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Governor Newsom Announces New Immediate Actions to Curb COVID-19 Transmission

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Governor Gavin Newsom

New actions include pulling an emergency brake in the Blueprint for a Safer Economy and strengthening face covering mandate

Vast majority of counties are in the most restrictive tier starting tomorrow

As COVID-19 cases sharply increase across the country and California, Gov. Gavin Newsom and state public health officials announced immediate actions Monday to slow the spread of the virus. The state is pulling an emergency brake in the Blueprint for a Safer Economy resulting in 94.1% of California’s population in the most restrictive tier. This change went into effect on Tuesday.

The state will reassess data continuously and move more counties back if necessary. California is also strengthening its face covering guidance to require individuals to wear a mask whenever outside their home, with limited exceptions.

“We are sounding the alarm,” said Newsom. “California is experiencing the fastest increase in cases we have seen yet –faster than what we experienced at the outset of the pandemic or even this summer. The spread of COVID-19, if left unchecked, could quickly overwhelm our health care system and lead to catastrophic outcomes. That is why we are pulling an emergency brake in the Blueprint for a Safer Economy. Now is the time to do all we can – government at all levels and Californians across the state – to flatten the curve again as we have done before.”

The rate of growth in confirmed COVID-19 cases is faster than it was in July, which led to a significant peak in cases. This requires a swift public health response and action from all Californians to slow the spread of the virus. Immediate action will help protect individuals at higher risk of severe illness or death from COVID-19 and will help keep the state’s health care delivery system from becoming overwhelmed.

“The data we are seeing is very concerning. We are in the midst of a surge, and time is of the essence. Every day matters and every decision matters,” said California Health and Human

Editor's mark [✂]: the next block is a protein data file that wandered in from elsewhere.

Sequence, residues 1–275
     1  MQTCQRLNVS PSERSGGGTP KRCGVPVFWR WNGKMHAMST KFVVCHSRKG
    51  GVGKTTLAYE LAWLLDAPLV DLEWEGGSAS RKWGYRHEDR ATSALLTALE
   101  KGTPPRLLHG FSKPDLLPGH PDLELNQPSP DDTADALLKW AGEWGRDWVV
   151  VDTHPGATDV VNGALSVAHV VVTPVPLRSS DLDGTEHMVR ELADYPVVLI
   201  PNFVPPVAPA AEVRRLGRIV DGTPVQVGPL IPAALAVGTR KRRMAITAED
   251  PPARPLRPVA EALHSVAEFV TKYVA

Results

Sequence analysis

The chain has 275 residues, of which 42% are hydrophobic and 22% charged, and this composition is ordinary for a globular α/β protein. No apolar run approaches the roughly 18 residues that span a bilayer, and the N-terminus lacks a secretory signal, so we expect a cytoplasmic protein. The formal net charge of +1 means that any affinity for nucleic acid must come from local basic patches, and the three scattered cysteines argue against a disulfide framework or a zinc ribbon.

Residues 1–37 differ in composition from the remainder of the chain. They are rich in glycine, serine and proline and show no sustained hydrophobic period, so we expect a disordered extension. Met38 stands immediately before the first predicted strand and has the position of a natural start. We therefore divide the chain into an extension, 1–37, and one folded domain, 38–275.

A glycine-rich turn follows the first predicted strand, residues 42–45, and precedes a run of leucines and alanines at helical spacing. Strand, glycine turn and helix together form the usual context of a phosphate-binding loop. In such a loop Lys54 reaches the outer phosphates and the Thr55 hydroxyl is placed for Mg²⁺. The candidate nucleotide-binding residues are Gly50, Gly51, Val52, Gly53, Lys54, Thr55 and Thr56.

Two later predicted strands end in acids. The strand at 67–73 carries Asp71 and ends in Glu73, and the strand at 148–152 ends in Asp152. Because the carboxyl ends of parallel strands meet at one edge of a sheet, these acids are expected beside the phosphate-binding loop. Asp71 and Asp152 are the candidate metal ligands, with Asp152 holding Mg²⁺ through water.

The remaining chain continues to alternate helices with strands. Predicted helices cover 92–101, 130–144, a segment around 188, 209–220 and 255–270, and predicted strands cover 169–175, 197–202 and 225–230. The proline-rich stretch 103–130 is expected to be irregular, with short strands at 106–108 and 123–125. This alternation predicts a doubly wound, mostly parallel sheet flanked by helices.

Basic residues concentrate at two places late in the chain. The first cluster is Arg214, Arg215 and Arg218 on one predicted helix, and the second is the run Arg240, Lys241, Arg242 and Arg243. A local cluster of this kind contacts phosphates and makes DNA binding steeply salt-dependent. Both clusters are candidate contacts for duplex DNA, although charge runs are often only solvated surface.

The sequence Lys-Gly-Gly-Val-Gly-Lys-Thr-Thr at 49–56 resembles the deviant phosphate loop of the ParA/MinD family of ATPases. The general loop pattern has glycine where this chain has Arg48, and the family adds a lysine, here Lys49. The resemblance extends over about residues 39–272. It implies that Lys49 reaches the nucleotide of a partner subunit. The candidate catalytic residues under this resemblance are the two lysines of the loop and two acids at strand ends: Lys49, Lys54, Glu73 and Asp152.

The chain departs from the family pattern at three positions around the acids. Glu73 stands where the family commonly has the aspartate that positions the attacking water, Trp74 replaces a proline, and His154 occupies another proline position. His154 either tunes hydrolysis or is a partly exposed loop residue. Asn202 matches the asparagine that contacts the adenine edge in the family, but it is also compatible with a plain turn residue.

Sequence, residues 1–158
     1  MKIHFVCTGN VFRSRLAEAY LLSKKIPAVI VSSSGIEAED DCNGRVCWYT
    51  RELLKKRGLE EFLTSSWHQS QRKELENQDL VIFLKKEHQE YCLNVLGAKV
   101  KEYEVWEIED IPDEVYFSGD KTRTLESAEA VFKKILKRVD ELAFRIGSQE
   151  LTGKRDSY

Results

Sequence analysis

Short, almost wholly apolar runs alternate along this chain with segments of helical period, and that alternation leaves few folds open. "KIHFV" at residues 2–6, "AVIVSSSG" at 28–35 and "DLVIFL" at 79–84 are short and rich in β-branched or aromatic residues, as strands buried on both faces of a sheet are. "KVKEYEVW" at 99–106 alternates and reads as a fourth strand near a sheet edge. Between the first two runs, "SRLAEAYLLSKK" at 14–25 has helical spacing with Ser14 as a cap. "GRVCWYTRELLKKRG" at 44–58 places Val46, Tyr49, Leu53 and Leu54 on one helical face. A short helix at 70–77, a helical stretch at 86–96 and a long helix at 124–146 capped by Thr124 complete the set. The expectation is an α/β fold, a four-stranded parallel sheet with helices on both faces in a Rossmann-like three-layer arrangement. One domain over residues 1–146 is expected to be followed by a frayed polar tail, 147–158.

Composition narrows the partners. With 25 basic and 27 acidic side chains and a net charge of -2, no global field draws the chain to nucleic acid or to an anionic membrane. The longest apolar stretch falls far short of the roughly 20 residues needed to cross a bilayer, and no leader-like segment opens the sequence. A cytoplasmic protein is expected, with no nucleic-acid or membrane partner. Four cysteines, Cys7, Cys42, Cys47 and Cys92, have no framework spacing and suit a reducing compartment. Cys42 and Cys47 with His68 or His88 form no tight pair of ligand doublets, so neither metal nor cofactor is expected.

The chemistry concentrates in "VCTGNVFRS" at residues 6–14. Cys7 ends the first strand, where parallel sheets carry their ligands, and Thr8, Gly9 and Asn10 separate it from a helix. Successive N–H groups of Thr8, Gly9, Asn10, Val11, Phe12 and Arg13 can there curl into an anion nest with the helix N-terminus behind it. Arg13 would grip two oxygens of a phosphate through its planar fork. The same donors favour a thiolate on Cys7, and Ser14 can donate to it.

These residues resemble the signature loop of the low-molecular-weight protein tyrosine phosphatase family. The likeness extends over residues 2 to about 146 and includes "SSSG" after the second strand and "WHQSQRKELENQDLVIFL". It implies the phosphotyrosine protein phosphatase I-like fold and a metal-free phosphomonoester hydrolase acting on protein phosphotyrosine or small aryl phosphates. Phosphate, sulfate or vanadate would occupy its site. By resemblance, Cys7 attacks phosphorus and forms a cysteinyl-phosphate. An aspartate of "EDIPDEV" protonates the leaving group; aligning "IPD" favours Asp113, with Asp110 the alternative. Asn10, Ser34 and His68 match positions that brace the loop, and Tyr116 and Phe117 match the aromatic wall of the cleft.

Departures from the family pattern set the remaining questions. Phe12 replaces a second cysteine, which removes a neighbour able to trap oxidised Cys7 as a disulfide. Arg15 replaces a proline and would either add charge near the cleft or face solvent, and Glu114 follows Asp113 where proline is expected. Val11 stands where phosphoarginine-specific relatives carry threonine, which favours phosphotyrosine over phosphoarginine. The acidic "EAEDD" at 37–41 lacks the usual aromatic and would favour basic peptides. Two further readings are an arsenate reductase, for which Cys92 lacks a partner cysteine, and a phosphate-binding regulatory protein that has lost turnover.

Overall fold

Services Secretary Dr. Mark Ghaly. “Personal decisions are critical, and I am I imploring every Californian to stay home if they can, wear a mask whenever they leave their homes, limit mixing, practice physical distancing and wash their hands.”

The 28 counties moving back into Tier 1(Purple/Widespread) include:

Alameda Napa Santa Cruz

Butte Nevada Siskiyou

Contra Costa Orange Solano

El Dorado Placer Sutter

Fresno San Benito Trinity

Glenn San Joaquin Tuolumne

Kern San Luis Obispo Ventura

Kings

Mendocino

Merced Santa Barbara Santa Clara Yolo Yuba

 

The nine counties moving back into Tier 2 (Red/Substantial) include:

Colusa Marin Plumas

Del Norte Modoc San Francisco

Humboldt Mono San Mateo

The two counties moving back into Tier 3 (Orange/Moderate) include:

Calaveras Sierra

Monday’s action will remain in effect until the State Public Health Officer determines it is appropriate to make modifications based on public health conditions and data.

California has taken steps to prepare the state for an increase in COVID-19 cases. The state has developed additional testing capacity to allow cases to be quickly identified, recently opening a new laboratory in Valencia that is already processing thousands of tests a day. The state is averaging 164,345 tests over the last seven days.

The state has been working in partnership with hospitals, clinics and physicians on the COVID-19 response. To support California’s health care delivery system, the state has an additional 1,872 beds available at alternate care sites outside of the system that can be made available quickly if needed to respond to a surge in cases.

California will continue to update the Blueprint for a Safer Economy based on the best available public health data and science. For more information about the Blueprint and what Californians can do to prevent the spread of COVID-19, visit covid19.ca.gov.

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